What is most striking about the debate over whether President Obama should approve the Keystone XL pipeline is that supporters of the pipeline don't dispute that approval of the pipeline -- something completely under Obama's control -- would contribute to harmful climate change. They don't dispute that tar sands oil is very dirty oil from the point of view of carbon emissions, and that the pipeline would contribute to the extraction of that dirty oil, thereby contributing to harmful climate change. The dispute is about by how much approval of the pipeline would contribute to harmful climate change.
Supporters of the pipeline have claimed that the answer to this question is not very much, because the Canadian tar sands oil is going to be exploited no matter what we do, and therefore even though it would harm the climate President Obama should approve the pipeline based on other claimed benefits. (For example, some people in Washington want to replace oil on the world market from countries whose governments Washington doesn't like very much with oil from countries whose government Washington likes more. That's irrelevant to most Americans, but it's interesting to some people in Washington who want to run the world.)
Opponents of the pipeline have disputed the claim that the contribution of the pipeline to the exploitation of tar sands oil would not be significant.
But if you don't think that the claimed benefits are very great or very meaningful, then it's a slam dunk to reject the pipeline, regardless of how great we think the impact on climate change is likely to be. The impact of the pipeline will be to exacerbate climate change. If the benefits to the majority from the project do not exceed the harm, the project should not go forward.
Some argue that other regulatory measures, like EPA curbs of carbon emissions from existing coal plants, are more important in scale than reducing the rate of extraction and consumption of tar sands oil. But it's far from obvious why that would in itself be an argument for approving the Keystone pipeline. "Let's go ahead and do this bad thing now, because in the future, we may have the opportunity to do something good that will have a much greater impact than the bad thing we are going to do now." Why not try to do the good thing now, and also try to do the good thing in the future?
Of course, there's an implicit assumption that makes the argument somewhat more plausible. The implicit assumption is that rejecting the pipeline would be politically costly for President Obama because fossil fuel industry interests want it. So, the implied argument goes, why press President Obama to take a hit on this from the fossil fuel industry when we have a more important battle up ahead?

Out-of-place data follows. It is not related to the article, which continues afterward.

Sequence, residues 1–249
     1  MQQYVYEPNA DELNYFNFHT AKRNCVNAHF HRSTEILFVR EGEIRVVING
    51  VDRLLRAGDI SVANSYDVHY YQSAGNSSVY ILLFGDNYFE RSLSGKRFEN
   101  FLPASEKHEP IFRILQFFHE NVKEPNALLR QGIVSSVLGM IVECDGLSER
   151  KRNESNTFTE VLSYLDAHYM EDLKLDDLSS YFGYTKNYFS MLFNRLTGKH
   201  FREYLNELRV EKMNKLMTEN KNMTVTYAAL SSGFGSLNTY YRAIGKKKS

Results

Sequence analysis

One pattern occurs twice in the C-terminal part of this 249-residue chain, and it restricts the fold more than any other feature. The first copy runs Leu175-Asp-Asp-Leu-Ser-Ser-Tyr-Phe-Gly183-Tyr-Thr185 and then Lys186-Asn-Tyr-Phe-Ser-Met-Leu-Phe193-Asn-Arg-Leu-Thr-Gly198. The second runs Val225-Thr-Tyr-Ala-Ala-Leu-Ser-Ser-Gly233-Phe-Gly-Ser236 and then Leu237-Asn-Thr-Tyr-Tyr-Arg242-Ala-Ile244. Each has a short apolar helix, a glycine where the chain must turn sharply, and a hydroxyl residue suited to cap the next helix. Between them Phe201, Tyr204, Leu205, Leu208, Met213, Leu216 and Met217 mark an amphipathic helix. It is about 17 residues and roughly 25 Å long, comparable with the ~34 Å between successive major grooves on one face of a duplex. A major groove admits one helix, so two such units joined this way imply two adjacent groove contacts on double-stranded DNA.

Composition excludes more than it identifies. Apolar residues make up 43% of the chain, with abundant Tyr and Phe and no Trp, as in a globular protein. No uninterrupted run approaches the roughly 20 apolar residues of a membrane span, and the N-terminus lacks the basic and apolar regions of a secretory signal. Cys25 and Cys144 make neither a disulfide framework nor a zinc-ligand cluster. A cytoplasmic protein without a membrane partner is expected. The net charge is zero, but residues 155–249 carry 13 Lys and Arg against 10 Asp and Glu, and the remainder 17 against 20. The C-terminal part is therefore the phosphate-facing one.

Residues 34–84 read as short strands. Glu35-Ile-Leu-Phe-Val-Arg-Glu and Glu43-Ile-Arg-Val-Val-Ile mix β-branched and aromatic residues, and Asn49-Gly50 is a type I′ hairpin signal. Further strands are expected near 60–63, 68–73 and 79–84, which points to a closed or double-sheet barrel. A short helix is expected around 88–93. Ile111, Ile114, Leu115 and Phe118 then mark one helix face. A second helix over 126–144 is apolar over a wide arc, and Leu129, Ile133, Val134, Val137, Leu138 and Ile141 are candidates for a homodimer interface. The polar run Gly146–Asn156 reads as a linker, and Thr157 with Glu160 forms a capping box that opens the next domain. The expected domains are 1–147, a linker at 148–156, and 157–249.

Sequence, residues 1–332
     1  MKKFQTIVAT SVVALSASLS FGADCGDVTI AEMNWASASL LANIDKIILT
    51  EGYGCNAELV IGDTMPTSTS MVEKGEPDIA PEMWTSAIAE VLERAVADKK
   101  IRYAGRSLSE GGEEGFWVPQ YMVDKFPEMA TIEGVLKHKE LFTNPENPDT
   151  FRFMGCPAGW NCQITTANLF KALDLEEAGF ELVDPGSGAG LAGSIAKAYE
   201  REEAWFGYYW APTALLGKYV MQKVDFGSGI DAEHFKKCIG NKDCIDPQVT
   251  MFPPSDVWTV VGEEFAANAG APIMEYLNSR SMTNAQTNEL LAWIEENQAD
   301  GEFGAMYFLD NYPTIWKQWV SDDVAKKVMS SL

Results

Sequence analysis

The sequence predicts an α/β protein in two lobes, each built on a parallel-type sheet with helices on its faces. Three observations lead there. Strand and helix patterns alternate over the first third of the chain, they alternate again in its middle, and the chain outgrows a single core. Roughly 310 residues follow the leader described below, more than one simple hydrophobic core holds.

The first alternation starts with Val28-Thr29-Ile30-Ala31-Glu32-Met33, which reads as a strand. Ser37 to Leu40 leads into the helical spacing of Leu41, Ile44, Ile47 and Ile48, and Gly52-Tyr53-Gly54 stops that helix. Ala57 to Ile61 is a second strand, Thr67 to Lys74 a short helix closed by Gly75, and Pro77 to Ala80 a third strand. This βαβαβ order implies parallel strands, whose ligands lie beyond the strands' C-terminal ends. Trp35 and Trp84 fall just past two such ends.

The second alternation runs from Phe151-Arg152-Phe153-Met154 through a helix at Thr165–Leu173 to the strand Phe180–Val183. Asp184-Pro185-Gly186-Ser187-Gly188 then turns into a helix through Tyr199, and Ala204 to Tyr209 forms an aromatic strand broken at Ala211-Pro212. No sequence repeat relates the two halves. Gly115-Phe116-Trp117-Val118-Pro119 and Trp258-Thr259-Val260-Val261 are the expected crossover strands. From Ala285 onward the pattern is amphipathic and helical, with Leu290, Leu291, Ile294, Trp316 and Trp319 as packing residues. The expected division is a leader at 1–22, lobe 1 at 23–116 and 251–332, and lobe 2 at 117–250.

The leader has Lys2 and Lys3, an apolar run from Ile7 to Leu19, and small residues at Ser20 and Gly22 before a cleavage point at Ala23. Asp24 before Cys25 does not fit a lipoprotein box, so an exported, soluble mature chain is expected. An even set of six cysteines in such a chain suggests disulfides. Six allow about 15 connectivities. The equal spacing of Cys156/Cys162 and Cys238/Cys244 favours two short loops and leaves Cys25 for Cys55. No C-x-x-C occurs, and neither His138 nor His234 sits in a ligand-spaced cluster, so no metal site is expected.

But that still doesn't explain how losing this battle now would help us win in the future. If we have to win a political confrontation with fossil fuel interests to control climate change, why not start by trying to win the political confrontation with them now?
Recall that before the threatened Syria war, similar arguments were used to insist that the war be allowed to proceed. Israel and Saudi Arabia were pressing the Administration to bomb Syria, saying that it was crucial to send a signal to Iran that we were willing to use force against them. If we don't bomb Syria, it was argued, Israel, Saudi Arabia and Iran will all get the wrong messages, and the danger of military confrontation with Iran will actually increase. Plus, it was argued, if President Obama didn't get Congressional approval for the Syria war, it would be a big humiliation that would weaken him politically: "the end of his second term," it was said.
How did that all turn out? There was no war. Most Americans were delighted and relieved. There was a diplomatic deal instead. U.S. diplomacy with Iran increased, and the prospect of war with Iran seems much lower now than it was before, not greater. And far from "having his second term destroyed," Obama went on, almost immediately, to win the political confrontation over the government shutdown and Obamacare.
If President Obama rejects the Keystone XL pipeline, life will go on, only with less harmful climate change, and with the president having signaled to Americans and the world that he's willing to do the right thing on climate change even if fossil fuel interests and their supporters in Congress don't like it. Some companies that planned to profit from the pipeline may be upset, but they'll get over it. We'll have shown that public mobilization and engagement can beat the fossil fuel interests, and that will open political space for further measures to address climate change, just like stopping the Syria war opened political space for more diplomatic engagement with Iran.
There are more than 200 vigils in 48 states planned Monday evening, calling on Obama to reject the pipeline. You can look for a vigil near you here.